The Maritime History of the Great Lakes
British Whig (Kingston, ON), July 14, 1882

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The tug Glide and barges have left for Oswego to load coal.

The schr. Gearing, from South Bay, has arrived with a cargo of cordwood.

The schr. White Oak, with 345 tons coal, has entered port from Fairhaven.

The schr. Albatross has reached Garden Island from Point Sauble with pine timber.

The schr. A.G. Ryan cleared during the night for Fairhaven, having 150 tons of iron ore.

A small yacht, from Clayton, and known as the Fairy Queen, has reached here, having aboard a party en route to Ottawa.

The schr. Emma L. Andrews (sic - Abbie L. Andrews ?) has arrived and discharged a cargo of 1,900 (sic) bushels of wheat. She loaded at Detroit.

The str. Rothesay, which went aground at the south Sault yesterday, was relieved shortly afterwards and successfully taken off.

The schr. Hannah Butler has discharged her cargo of wheat and cleared light for Oswego, where she loads coal for a western port.

The schr. J.G. Worts has unloaded her cargo of staves at Collinsby. The D.M. Foster arrived there last evening with staves from Toledo.

The str. Magnet is now making regular trips between Oswego, Charlotte and Prescott. She carries many passengers and considerable fruit.

Calvin & Son's fifth raft was dispatched from Garden Island on the 5th of July, and made the remarkably quick run to Quebec in 7 1/2 days. The winds were most favourable, and the time is better than rafts usually make. A raft sent by the Collinsby Rafting Company made the trip in about the same time.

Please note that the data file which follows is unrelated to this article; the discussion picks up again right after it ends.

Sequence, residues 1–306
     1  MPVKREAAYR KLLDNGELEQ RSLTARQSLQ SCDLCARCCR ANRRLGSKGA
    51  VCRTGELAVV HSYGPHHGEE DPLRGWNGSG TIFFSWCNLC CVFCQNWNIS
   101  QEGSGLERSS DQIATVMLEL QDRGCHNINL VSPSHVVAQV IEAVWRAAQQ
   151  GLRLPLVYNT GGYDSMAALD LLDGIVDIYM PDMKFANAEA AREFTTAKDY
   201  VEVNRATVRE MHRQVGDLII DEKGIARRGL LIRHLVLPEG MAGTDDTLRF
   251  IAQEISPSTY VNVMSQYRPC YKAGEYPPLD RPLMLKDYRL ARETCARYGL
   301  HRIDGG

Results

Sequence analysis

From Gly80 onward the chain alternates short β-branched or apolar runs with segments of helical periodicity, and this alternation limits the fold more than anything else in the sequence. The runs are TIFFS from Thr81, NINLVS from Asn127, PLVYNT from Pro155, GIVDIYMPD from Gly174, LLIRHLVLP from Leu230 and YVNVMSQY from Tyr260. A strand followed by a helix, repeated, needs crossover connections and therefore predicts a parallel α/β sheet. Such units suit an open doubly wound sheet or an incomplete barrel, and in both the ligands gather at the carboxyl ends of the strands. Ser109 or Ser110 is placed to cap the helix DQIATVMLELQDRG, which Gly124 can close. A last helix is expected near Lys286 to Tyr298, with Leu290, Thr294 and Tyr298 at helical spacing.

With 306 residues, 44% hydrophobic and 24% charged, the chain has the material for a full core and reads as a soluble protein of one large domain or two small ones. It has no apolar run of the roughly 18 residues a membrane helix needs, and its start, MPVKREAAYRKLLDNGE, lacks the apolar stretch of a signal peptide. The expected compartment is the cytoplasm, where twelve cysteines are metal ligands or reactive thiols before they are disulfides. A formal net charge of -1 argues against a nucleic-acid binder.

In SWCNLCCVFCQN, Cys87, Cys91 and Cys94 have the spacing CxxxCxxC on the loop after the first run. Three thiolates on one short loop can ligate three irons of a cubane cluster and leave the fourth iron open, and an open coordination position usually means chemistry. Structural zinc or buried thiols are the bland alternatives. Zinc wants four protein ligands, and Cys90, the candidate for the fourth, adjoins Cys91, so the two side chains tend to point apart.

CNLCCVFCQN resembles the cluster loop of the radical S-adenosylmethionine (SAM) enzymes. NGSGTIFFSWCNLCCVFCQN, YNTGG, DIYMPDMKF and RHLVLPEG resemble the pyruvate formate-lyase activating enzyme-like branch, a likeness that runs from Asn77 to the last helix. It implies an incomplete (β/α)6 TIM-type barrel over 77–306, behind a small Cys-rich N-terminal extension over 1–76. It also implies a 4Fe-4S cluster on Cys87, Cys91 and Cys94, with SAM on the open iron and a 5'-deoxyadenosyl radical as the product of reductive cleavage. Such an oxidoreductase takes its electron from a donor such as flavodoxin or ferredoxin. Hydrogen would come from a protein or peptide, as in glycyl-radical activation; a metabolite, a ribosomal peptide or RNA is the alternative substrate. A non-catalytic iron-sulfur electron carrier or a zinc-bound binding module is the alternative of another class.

Ties are passing to the United States from Canada in enormous quantities. The demand for them is very great. Last night the steam barge Water Lily and barges, after delivering cargoes at the Cape arrived and went down the canal for another consignment of ties. The steam barge Edmund and barges left for Cape Vincent with full loads of the same.

The captain of the Annie Falconer has joined the great army of growlers at Toronto coal dealers. He finished unloading Wednesday, says the Mail, and according to the return weighed out twelve tons short. At Hamilton it is different, and it can scarcely be called creditable to the Toronto men that they are almost alone in this on Lake Ontario, though it must also be said there are some exceptions even at this port. Vesselmen, however, have themselves to blame, for in a recent decision at Kingston an American Collector's certificate was taken in preference to the return of a leading forwarding company, and the same would apply in this case. Duties are collected on the face amount of the bill of lading, and there is no court in the land could go back on that, endorsed as it is by the action of the authorities at Ottawa. The amounts claimed as "short" aggregate to a large sum in a season, and the question should be settled. The American coal companies claim pay for the amount shipped, the Custom officials collect duties upon it, and why should the vessel owners be asked to forego their freight, especially at the present starvation rates? It is the old, old story of might making right.

p.3 The Maxwell's Trip - excursion from Kingston to Brockville for 50 cents.

Poking Fun At Belleville - yachting.

A Curious Customs Arrangement - shortages in grain carrying.

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July 14, 1882
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Rick Neilson
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Public domain: Copyright has expired according to the applicable Canadian or American laws. No restrictions on use.
Maritime History of the Great Lakes
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British Whig (Kingston, ON), July 14, 1882